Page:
How Much is the Internet Worth to You?

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I’m always a little unsure whether McKinsey reports are just nicely formatted collections of bollocks or genuine sources of useful information. I guess it probably depends on the report. In any case, Tyler Cowen points us today to a new McKinsey report that says the internet accounts for 3.4% of GDP in a group of countries that it recently studied (nine rich countries plus the BRICs). Sweden is highest at 6.3% because — well, who knows? They really, really like Angry Birds in Sweden? They lead the globe in hosting pirate sites? I’m not sure. The United States is about average for rich countries at 3.8%.

However, we value the internet pretty highly here. As this chart shows, the internet generates consumer surplus in the U.S. of about 19 euros per month per person, or a little over $300 per year. But that’s just the average. If you’re reading this blog, you probably value it quite a bit higher:

In general, this surplus is generated from the exceptional value users place on Internet services such as e-mail, social networks, search facilities, and online reservation services, among many others. This value far outweighs the costs, both actual costs such as access and subscription fees and annoyances such as spam, excessive advertising, and the need to disclose personal data for some services. In the United States, for example, research conducted with the Interactive Advertising Board 13 found that consumers placed a value of almost €61 billion on the services they got from the Internet, while they would pay about €15 billion to get rid of the annoyances, suggesting a net consumer surplus of about €46 billion.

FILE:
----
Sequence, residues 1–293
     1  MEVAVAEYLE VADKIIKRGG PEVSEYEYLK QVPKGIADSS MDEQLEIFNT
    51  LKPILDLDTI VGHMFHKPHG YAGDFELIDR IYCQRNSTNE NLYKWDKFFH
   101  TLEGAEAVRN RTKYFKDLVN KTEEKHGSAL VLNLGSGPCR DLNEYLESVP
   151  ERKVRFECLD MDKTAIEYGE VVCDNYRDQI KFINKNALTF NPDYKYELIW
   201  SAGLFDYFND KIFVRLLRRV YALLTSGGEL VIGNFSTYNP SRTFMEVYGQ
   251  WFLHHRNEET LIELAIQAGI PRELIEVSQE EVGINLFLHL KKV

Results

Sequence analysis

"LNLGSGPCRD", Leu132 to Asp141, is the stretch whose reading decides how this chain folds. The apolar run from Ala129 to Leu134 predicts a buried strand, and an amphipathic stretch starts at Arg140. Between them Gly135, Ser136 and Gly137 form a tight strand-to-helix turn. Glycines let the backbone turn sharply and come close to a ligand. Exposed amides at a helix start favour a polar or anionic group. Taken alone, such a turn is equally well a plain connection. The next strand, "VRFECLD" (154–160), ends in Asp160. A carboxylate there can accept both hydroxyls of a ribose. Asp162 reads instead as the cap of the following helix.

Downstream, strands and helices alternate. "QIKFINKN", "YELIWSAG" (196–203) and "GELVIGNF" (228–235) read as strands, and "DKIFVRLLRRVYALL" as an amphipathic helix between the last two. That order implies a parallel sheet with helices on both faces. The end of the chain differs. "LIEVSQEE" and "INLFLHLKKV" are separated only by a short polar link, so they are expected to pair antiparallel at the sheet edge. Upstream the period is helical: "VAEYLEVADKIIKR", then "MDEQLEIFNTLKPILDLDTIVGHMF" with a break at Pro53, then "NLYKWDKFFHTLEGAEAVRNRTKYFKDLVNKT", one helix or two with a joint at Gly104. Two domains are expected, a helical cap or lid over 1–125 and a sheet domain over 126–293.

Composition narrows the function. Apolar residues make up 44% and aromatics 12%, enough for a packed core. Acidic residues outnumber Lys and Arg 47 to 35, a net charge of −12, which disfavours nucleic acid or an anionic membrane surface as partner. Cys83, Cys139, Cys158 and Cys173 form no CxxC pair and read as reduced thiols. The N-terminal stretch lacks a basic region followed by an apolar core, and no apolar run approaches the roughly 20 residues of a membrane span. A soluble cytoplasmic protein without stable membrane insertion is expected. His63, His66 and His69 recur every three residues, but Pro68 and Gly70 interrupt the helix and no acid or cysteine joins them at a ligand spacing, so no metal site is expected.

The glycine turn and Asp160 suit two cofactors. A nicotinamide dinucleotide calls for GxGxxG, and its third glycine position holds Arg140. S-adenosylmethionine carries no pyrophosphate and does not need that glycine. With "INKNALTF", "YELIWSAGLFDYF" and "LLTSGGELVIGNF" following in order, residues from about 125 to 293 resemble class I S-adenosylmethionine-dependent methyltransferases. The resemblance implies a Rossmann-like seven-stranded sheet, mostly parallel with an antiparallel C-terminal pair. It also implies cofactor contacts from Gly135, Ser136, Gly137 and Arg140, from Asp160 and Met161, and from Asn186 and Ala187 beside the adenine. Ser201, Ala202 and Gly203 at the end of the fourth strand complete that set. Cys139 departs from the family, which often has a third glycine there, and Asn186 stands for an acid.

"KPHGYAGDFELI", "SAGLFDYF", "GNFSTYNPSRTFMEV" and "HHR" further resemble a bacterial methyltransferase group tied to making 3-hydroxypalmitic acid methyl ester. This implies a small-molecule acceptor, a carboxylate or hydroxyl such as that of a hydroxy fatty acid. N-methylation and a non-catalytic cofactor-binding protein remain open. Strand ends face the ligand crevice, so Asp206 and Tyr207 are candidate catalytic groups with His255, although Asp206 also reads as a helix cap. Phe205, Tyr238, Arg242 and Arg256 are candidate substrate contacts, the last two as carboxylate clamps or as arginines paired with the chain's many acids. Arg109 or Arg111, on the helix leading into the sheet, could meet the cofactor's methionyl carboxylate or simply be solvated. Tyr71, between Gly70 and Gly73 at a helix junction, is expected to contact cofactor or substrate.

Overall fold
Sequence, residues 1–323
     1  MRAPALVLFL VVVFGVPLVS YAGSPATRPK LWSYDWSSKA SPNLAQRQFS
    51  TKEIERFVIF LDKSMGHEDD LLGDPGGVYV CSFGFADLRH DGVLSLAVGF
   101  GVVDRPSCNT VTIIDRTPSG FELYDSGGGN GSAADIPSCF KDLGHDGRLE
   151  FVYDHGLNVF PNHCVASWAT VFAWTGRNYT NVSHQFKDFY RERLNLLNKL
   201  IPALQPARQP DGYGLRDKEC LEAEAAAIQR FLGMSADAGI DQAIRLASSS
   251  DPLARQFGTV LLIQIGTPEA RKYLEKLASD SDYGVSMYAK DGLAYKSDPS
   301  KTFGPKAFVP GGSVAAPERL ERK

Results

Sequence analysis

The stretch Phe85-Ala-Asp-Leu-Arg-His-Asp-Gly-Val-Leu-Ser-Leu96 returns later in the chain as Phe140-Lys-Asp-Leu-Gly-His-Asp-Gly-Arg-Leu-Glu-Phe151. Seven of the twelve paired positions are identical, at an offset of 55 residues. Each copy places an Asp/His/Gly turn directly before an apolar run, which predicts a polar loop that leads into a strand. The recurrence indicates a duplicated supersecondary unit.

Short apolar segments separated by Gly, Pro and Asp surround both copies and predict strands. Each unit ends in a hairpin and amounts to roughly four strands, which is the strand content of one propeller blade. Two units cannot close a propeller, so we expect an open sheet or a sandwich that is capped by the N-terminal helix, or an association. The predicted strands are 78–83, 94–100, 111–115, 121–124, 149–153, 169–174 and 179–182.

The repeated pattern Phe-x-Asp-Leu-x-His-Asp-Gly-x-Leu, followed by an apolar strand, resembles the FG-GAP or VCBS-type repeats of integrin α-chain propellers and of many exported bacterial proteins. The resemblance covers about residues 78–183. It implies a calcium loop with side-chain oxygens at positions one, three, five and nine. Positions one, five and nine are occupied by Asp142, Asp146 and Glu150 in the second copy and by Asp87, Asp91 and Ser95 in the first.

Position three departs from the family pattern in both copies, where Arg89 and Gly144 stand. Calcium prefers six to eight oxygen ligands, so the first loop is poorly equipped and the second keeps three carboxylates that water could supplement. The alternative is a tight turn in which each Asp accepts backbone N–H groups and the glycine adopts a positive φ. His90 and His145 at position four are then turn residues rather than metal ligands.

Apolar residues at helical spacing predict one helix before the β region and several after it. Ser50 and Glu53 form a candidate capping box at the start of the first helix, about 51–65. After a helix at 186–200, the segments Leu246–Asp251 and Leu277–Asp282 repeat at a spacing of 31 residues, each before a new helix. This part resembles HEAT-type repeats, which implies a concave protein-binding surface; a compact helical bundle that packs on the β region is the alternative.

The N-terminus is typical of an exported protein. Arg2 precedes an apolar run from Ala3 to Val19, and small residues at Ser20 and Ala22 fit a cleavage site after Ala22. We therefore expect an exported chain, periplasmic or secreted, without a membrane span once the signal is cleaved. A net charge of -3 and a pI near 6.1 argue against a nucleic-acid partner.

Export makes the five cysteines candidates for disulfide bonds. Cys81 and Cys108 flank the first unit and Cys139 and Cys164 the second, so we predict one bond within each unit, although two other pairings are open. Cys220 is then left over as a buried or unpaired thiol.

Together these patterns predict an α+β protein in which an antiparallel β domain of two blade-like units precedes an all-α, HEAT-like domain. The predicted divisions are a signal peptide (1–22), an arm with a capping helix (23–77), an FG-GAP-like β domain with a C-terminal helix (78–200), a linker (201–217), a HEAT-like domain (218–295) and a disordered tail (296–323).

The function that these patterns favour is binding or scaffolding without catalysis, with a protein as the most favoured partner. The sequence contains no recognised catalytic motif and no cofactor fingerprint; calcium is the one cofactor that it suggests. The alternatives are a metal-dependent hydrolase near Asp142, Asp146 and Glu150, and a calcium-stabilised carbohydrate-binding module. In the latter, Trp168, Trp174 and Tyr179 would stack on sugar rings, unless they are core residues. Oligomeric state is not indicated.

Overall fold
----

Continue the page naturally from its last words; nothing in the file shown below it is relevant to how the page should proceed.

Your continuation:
So there you have it: Value of internet – cost of internet – annoyances of internet = €46 billion. But I wonder if they also accounted for the stupendous amount of time we all spend trying to fix the internet when it breaks? More comments from Tyler here.

HERE ARE THE FACTS:

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ONE MORE QUICK THING:

Our fall fundraising drive is off to a rough start, and we very much need to raise $250,000 in the next couple of weeks. If you value the journalism you get from Mother Jones, please help us do it with a donation today.

As we wrote over the summer, traffic has been down at Mother Jones and a lot of sites with many people thinking news is less important now that Donald Trump is no longer president. But if you're reading this, you're not one of those people, and we're hoping we can rally support from folks like you who really get why our reporting matters right now. And that's how it's always worked: For 45 years now, a relatively small group of readers (compared to everyone we reach) who pitch in from time to time has allowed Mother Jones to do the type of journalism the moment demands and keep it free for everyone else.

Please pitch in with a donation during our fall fundraising drive if you can. We can't afford to come up short, and there's still a long way to go by November 5.

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